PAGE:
Everything you need to know about LADEE, the thing NASA just sent to the moon

 

A close up of the rocket carrying LADEE the day before the launch. (Andrea Peterson/THE WASHINGTON POST)

A close up of the Minotaur V rocket carrying LADEE the day before the launch. (Andrea Peterson/THE WASHINGTON POST)

All week I've been talking about NASA's latest rocket launch: the Lunar Atmospheric Dust and Environment Explorer or LADEE. And it finally happened. Here's what you need to know.

What is it?

LADEE is a robotic orbital mission that is going to circle the moon. It's the first spacecraft designed and built by NASA's Ames Research Center and the first spacecraft to use a modular body. It's 7.7 feet high, 4.74 feet deep and wide, and powered by a bunch of solar cells mounted on the body. It was launched by U.S. Air Force Minotaur V rocket provided by Orbital Science Corp. The first three stages of the rocket are actually refurbished solid rocket motors from Peacekeeper intercontinental ballistic missiles.

It's carrying four different scientific instruments, three to measures things about the lunar exosphere -- that's an atmosphere that is so thin that the molecules don't bounce off of each other -- and one laser communication test project. The first three are the Lunar Dust Experiment (LDEX), a Neutral Mass Spectrometer (NMS), and an Ultraviolet and Visible Spectrometer (UVS) while the latter is called the Lunar Laser Communications Demonstration (LLCD) and might be the first step towards space Internet!

And why are we sending it?

Because sending stuff to the moon is super cool. And modular spacecrafts could be a more cost efficient way for us to explore space. NASA Ames Director S. Pete Worden compares it to the way you can swap out pieces in a desktop computer.

OK, but why these specific instruments

There are some ongoing mysteries about the lunar atmosphere that weren't answered by the Apollo missions. Firstly, there was this weird glow across the horizon described by astronauts, that some scientists hypothesize is dust. But the moon's exosphere shouldn't have enough molecules bouncing around to hold up dust. Rick Elphic, the LADEE project scientist, says it would be an "exotic new phenomenon" if it is dust.

So LDEX is device that is going to scoop up bits of whatever dust LADEE might fly past while in orbit around the moon and measure it. The NMS will do sort of the same thing, only with gases in the lunar atmosphere. We know argon and helium are there from previous missions, but this will also help look for other things -- like water if it's there.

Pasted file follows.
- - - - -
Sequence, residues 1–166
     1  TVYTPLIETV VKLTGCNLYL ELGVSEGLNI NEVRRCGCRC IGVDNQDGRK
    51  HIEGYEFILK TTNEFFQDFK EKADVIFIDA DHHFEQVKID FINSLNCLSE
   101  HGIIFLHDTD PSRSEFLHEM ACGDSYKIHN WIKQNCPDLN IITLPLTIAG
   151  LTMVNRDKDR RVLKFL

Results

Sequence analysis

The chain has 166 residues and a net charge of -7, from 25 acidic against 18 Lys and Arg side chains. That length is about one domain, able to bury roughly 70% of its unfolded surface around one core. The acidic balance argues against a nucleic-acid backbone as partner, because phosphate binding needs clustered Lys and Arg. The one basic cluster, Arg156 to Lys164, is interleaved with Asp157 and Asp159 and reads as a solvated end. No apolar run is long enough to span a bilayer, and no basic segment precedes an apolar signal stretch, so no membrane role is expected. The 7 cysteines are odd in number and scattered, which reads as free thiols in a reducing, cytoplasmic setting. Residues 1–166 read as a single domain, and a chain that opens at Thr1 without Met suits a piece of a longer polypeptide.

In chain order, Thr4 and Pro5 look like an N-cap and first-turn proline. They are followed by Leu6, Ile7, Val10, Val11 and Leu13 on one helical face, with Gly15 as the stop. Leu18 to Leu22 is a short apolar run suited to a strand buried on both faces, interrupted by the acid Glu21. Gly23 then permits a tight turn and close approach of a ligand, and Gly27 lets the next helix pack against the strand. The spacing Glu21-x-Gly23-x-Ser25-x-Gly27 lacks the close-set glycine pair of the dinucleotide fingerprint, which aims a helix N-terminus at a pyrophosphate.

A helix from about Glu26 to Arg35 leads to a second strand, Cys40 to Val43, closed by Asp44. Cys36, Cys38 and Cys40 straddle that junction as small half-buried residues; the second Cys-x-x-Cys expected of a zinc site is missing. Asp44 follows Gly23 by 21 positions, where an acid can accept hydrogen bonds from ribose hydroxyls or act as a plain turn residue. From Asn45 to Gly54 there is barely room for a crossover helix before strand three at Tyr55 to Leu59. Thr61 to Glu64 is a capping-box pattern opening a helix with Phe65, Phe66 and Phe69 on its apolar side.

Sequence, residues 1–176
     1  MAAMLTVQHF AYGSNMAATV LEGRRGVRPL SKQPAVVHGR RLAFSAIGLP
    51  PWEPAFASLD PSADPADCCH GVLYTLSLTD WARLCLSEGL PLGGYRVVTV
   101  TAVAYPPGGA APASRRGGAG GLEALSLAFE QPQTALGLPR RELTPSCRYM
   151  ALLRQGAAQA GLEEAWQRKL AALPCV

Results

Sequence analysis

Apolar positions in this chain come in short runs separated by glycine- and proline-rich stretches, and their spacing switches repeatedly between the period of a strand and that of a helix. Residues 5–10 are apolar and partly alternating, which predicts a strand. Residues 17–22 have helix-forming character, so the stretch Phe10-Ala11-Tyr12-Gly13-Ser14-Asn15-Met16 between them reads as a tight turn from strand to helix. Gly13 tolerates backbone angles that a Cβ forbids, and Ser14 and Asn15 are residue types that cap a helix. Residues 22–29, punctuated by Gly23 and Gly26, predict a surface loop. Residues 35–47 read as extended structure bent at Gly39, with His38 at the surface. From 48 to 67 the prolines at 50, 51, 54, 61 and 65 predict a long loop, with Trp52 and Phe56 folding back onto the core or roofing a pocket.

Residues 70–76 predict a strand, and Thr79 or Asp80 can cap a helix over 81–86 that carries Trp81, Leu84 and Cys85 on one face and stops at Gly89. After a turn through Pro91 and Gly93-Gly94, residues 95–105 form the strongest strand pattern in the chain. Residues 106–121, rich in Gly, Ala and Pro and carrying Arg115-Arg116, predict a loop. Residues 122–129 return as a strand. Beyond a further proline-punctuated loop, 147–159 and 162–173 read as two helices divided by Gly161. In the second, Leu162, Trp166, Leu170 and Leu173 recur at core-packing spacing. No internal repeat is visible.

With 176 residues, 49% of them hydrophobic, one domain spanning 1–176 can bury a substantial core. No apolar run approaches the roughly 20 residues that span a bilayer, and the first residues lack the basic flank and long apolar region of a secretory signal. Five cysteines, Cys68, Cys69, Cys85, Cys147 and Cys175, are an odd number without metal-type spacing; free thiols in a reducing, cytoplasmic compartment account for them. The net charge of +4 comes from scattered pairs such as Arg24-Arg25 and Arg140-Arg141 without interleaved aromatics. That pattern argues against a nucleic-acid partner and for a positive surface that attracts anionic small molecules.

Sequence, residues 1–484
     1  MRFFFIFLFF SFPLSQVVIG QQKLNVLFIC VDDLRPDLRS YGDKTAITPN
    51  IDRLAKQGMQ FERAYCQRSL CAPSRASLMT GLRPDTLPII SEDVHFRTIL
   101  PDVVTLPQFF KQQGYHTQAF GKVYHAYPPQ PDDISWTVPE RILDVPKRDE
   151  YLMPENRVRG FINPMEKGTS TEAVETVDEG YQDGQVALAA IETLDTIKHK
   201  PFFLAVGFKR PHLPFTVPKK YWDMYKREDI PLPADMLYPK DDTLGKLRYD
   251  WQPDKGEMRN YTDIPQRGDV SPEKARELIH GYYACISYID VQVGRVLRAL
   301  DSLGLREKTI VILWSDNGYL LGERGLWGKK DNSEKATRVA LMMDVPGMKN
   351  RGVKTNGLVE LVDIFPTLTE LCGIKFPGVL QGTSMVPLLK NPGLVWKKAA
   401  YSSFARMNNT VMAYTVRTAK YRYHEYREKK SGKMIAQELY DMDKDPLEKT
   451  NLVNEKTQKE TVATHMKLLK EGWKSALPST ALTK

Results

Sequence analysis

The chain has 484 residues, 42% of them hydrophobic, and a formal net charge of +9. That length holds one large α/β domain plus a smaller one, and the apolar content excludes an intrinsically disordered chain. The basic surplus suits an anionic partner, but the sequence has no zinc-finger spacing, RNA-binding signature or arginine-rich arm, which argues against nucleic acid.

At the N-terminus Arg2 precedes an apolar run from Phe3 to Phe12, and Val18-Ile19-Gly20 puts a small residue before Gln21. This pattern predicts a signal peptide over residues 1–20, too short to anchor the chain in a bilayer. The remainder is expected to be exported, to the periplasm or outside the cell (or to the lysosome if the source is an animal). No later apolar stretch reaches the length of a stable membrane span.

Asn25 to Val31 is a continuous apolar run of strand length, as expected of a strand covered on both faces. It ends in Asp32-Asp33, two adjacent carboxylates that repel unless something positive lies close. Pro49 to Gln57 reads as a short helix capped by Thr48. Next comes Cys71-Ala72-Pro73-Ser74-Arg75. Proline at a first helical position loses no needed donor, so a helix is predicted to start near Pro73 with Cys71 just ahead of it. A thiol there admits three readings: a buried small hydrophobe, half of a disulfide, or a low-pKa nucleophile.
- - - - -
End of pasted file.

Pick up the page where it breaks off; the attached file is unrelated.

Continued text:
The UVS has a dual purpose -- it can look for emission lines from gas in the atmosphere and for light scattered by dust in the atmosphere. Elphic sees these tests as an opportunity to address two mysteries: "What is the atmosphere made of?" And "does the dust behave this way?" On that latter point, he's confident they "have the instrumentation to answer that question once and for all."

All three of these tests in combination will help scientists get a better grasp on how exospheres work. That's important because exospheres are actually pretty common, and if we continue exploring the universe humans will run into them in other places -- from Mercury to objects on the very farthest fringes of our the galaxy.

Didn't you say something about space Internet earlier? 

Yeah, that's important too! That's the LLCD. It should be able to send 622 megabits per second to the ground from the moon. That's like sending 100 compressed HD channels at once. Matching ground sites should be able to send 20 megabits per second up to the moon.

Right now, spacecrafts use radio waves to communicate with the Earth. But radio waves are really spread out, and the telescopes that pick them up are huge -- like 100 yards in diameter. Lasers are much more concentrated you can use a series of much smaller optical telescopes to pick up the laser signal. And the data transfer rates for lasers communication should be way faster. Radio communication is "like having dial-up, and we're bringing broadband to space," explains Don Cornwall, the LLCD mission manager.

So how did the launch go?

Awesome! Here's NASA's video:

The whole launch was about a 20-minute process that started at 11:27pm ET Friday. The Minotaur V rocket launched LADEE in a five-stage process. The first three stages of the Minotaur V rocket lasted a little longer than 200 seconds, then were jettisoned off into the Atlantic Ocean.

The fourth stage was a Star 48BV engine that burned for around 85 seconds, inserting LADEE into a low Earth orbit. The fifth stage lasted another 60 or so seconds. Around five minutes after the fifth stage burnout, the payload separated. That's when the spacecraft activation and checkout occurred, approximately 23 minutes after launch.

What happens next?

Well, now LADEE is up in space! Which is great, but it's not at the moon yet. Before it gets there, it will do a couple of phasing orbits around the Earth before inserting itself into lunar orbit. The earliest LADEE is expected to arrive at the moon is Oct. 6, a month after launch. Then it will enter a 40-day commissioning phase at a high orbital altitude of around 200-300 kilometers. During this commissioning phase it will test out the the LLCD -- the space broadband! The other science tests will also be activated and receive basic checkouts.

Then the 100-day science phase will start with LADEE moving to a closer orbit of 20-150 kilometers from the moon. This is when all of the lunar atmospheric and environmental tests will begin, although the LLCD may also do some additional testing during this phase.

Sadly, at the end of the science phase and about 160 days after the initial launch, LADEE will enter the "decommissioning" phase. In this case, decommissioning phase means crashing into the Moon. But don't worry, LADEE will keep collecting data until the very end.

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